Last Saturday, September 22nd, was the Fall Equinox which for cyclists is a harbinger for dwindling daylight. Daily commutes may no longer entirely take place in brilliant sunshine and what was once plenty of time post-work to ride in sunshine is becoming a more precious commodity. Which makes now the perfect time to discuss bike lights and which ones will fulfill the needs of your riding endeavors.
In general, lights fall into two categories: lights that help you see and lights that help you be seen. And of course there’s then the million dollar question – which do you need?
Much will depend on when, where, and how you ride, but one thing is consistent: every cyclist should own at least one set of lights to help ride safely. While many bikes come with reflectors, and a lot of cycling clothing and gear is reflective as well these days, you still need to use lights for safe cycling. In fact, most states require that lights be used when riding at night. Our home state of North Carolina requires a front light that can be seen from at least 300 feet in front of the bicycle and offers a choice for the rear of either a red light visible from at least 300 feet behind or clothing/a vest that’s visible from 300 feet behind.
Safety Lights/Daytime Running Lights
Quite simply, every cyclist needs to own at least a set of safety lights. These smaller, inexpensive LED lights have become much brighter and have longer battery life in recent years. They take up a minimal amount of space on the bike, attach easily to the handlebars and seatpost, and are bright enough to help you be seen. Even if you don’t plan on riding at night, having a set of these with you during the fall and winter is important in case something unexpected happens and your ride makes an unplanned transition into darkness.
Going beyond having safety lights for use when it’s dark, it’s just a good idea to use them as daytime running lights to maximize your visibility to motorists, fellow cyclists, and pedestrians. Even in broad daylight, a set of front and rear safety lights can create bright pulses and flashes to snap other road users, especially motorists, out of the haze and malaise of the day and alert them to your presence.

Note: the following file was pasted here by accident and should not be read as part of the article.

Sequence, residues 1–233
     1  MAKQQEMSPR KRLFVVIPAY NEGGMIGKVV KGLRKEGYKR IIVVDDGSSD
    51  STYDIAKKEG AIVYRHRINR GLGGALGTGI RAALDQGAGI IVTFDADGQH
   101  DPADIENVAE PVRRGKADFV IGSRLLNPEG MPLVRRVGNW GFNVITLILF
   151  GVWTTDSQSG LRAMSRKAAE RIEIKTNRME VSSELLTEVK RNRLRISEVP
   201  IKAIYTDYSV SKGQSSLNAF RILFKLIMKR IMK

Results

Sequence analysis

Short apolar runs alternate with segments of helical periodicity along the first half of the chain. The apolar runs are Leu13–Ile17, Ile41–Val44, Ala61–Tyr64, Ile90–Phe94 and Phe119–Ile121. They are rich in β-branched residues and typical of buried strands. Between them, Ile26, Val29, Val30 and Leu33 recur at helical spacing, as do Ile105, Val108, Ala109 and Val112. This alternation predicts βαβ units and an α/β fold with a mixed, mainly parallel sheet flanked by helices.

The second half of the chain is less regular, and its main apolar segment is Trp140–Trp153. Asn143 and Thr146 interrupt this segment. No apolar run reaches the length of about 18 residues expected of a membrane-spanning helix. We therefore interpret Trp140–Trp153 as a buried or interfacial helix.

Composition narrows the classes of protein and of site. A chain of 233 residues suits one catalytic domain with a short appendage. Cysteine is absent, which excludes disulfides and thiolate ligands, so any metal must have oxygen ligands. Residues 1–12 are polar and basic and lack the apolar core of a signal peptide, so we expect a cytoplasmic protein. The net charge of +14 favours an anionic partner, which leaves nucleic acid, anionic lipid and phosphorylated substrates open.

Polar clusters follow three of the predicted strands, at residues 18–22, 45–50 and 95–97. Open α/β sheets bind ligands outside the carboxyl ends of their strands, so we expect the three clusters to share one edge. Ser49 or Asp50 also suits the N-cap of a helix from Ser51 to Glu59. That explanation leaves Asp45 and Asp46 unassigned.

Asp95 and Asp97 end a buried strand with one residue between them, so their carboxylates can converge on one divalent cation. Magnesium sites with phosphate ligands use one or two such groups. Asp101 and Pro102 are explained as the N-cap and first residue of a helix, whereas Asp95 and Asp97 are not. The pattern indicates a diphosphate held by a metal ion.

The Axiom Lazerbeam lights are popular in our office and are especially effective for daytime cycling. As a died-in-the-wool roadie who’s all about a minimalist aesthetic when it comes to accessories on my bike, I’ve personally become a fan of the Knog lights as they’re well-designed, exceptionally compact, and – like many lights in this category – conveniently re-charge via USB. They’re on every time I’m out on a ride.
Packing more of a punch than safety lights, commuter lights make an ideal choice for commuters and road riders. Commuter lights are brighter than safety lights, and typically have an output in the 50-375 lumen range (lumens are a measure of how bright a light is – the more lumens, the brighter). These lights are capable of putting out enough light to illuminate the path in front of you with some help from a street light or two.